Sometimes, it is hard for lawyers to keep track of what claims have to be brought within an individual case before they lose their rights to assert those claims in subsequent litigation. Is this a permissive counterclaim? A compulsory counterclaim? Does this claim really arise out of the same operative facts? While there are not as many gray areas as some lawyers suggest when defending their legal malpractice claims, it can be a bit complex.
So lawyers have two choices: (1) learn the law, or (2) bring every claim that you can bring in the instant action. The lawyers in Webb v. Zurich learned this lesson the hard way. A Michigan U.S. District Court judge in this case stopped a lawsuit in its tracks, finding that the new 2012 lawsuit – which sought coverage from Zurich for environmental contamination remedial costs – is precluded by a 2010 lawsuit because Plaintiff had a duty to amend the 2010 complaint to add the new claims, but failed to do so.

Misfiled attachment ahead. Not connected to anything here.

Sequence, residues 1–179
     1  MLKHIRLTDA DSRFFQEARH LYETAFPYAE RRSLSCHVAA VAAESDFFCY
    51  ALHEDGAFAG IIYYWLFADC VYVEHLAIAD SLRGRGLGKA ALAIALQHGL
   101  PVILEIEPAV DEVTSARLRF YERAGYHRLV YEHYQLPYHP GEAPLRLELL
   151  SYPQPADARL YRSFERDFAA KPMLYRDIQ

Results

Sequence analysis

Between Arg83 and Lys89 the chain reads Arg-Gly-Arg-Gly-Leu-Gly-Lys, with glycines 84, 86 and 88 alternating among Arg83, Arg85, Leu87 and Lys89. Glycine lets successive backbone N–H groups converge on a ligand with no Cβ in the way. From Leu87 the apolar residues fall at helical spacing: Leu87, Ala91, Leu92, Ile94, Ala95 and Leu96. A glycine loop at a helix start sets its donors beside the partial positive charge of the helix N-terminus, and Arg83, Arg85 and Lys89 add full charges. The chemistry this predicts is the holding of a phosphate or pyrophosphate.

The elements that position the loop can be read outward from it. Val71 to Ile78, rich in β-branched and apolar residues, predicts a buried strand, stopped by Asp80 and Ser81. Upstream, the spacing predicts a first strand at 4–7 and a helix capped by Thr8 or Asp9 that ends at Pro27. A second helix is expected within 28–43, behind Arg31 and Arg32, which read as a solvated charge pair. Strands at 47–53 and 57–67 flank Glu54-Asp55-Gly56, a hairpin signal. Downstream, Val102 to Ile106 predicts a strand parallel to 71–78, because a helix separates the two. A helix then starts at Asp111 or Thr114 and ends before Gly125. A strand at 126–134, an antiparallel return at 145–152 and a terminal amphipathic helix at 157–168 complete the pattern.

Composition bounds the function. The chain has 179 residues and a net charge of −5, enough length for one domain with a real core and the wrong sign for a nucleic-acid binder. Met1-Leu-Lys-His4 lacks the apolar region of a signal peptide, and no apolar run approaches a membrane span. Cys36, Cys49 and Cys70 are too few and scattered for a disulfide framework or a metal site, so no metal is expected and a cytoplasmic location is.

When in doubt, add the claim. There are very few instances where there is a downside to this and just too many where failing to do so has the downside of those claims being lost forever.